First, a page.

On April 1, 1998 the homepage of the Massachusetts Institute of Technology announced some startling news: the prestigious university was to be sold to Walt Disney Co. for $6.9 billion. A photograph of the university's famous dome outfitted with a pair of mouse ears accompanied the news. The press release
explained that the university was to be dismantled and transported to Orlando where new schools would be added to the campus including the School of Imagineering, the Scrooge McDuck School of Management, and the Donald Duck Department of Linguistics. The fact that the announcement appeared on MIT's homepage added official credibility to it. But in fact, the announcement was the work of students who had hacked into the school's central server and replaced the school's real web page with a phony one.
The citizens of Venice woke on the morning of April 1, 1919 to find piles of horse manure deposited throughout the Piazza San Marco, as if a procession of horses had gone through there during the night. This was extremely unusual, since the Piazza is surrounded by canals and not easily accessible to horses. The manure turned out to be the work of the infamous British prankster Horace de Vere Cole, who was honeymooning in Venice. He had transported a load of manure over from the mainland the night before with the help of a gondolier and had then deposited small piles of it throughout the Piazza. Perhaps he should have been paying more attention to his wife while on honeymoon because, evidently tired by his constant hijinks, she divorced him a few years later.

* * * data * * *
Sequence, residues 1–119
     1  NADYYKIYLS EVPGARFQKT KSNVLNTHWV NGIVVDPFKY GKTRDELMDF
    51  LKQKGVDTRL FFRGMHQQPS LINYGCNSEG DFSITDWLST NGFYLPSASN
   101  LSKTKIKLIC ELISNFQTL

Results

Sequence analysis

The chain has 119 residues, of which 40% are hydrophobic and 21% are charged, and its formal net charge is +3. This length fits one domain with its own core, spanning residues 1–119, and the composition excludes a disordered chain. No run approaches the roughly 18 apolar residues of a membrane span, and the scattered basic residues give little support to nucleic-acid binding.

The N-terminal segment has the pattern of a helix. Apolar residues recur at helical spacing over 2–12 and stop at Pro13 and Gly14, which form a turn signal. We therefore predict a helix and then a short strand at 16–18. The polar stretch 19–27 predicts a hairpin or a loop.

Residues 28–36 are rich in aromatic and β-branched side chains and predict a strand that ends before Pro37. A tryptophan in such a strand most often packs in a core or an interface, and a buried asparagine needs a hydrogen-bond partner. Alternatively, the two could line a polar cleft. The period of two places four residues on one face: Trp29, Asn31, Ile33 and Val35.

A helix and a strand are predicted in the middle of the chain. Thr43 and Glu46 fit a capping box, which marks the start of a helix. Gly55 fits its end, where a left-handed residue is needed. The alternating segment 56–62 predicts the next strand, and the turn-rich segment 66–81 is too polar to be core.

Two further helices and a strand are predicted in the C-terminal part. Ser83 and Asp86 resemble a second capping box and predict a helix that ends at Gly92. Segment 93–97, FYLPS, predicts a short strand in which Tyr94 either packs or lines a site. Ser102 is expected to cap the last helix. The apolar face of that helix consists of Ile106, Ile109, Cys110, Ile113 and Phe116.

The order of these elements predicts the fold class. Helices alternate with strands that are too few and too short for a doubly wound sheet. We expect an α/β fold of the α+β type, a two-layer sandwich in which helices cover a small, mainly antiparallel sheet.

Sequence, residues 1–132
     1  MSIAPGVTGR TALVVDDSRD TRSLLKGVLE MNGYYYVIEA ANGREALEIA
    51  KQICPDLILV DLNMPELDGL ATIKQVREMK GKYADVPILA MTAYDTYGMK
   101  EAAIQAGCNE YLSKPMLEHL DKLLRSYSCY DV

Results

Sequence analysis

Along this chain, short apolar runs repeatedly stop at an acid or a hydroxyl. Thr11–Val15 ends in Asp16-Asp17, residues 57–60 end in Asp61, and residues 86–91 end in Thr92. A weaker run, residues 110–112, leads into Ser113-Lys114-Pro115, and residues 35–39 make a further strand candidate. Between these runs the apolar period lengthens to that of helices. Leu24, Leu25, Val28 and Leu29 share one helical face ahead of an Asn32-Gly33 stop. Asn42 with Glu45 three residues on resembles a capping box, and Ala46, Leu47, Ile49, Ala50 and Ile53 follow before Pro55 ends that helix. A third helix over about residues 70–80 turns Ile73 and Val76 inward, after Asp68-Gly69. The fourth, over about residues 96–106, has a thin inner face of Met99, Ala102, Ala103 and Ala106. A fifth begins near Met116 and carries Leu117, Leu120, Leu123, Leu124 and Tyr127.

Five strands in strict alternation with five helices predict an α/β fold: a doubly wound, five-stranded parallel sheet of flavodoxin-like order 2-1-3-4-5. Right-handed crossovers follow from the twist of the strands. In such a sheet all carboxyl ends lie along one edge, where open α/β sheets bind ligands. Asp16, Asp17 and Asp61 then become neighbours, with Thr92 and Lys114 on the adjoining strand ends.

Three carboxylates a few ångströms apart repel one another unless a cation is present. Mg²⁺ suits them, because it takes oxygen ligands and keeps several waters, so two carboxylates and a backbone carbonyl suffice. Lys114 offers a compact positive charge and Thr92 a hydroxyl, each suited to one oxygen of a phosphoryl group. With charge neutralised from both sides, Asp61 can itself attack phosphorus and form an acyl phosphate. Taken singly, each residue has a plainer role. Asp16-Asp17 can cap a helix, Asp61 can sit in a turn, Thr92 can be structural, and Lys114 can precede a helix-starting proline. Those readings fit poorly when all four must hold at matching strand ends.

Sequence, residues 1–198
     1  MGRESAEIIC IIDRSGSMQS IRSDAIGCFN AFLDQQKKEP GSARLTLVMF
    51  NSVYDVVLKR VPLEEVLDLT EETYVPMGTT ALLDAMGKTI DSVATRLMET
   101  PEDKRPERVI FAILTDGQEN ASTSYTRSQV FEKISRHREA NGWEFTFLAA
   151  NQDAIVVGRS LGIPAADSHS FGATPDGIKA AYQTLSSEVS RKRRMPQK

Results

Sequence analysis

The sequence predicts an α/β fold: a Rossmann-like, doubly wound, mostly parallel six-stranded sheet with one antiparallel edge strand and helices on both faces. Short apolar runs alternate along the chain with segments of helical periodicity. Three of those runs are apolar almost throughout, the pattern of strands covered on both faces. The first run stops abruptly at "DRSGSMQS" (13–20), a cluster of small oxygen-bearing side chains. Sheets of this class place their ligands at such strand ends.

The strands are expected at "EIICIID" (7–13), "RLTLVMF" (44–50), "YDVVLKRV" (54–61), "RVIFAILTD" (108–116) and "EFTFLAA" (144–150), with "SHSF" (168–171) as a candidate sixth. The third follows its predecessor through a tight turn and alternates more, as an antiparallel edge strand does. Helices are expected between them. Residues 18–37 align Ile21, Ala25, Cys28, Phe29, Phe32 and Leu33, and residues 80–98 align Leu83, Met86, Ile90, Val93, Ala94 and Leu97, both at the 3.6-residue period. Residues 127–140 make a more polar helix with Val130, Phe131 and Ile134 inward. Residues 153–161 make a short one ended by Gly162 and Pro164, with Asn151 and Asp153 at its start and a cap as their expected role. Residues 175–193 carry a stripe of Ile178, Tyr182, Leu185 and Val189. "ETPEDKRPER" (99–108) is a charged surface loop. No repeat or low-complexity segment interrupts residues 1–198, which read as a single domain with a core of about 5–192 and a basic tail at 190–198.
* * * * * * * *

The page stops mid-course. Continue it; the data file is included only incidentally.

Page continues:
In 2000 the People for the Ethical Treatment of Animals (PETA) warned that it planned to sabotage the bass fishing tournament in East Texas's Lake Palestine by releasing tranquilizers into the lake before the tournament. Their announcement stated that "this year, the fish will be napping, not nibbling." State officials took the threat seriously and stationed rangers around the lake in order to stop any tranquilizer-toting PETA activists from drugging the fish, and numerous newspapers reported the threat. Eventually PETA admitted that it had been joking.
In 1992, the Moskovskaya Pravda
(Moscow Truth) published a special March 32nd edition in which it announced that the winds of capitalism transforming Russia would bring further changes for the residents of Moscow. Plans had been finalized to build a new Moscow subway system. Of course, there was nothing wrong with the city's current subway. But in the spirit of capitalism, the second system would be built to promote "the interests of competition." The paper had changed its name for that day to the Moskovskaya Nye-Pravda
, or Moscow Un-Truth.
All text Copyright © 2011 by Alex Boese, except where otherwise indicated. All rights reserved.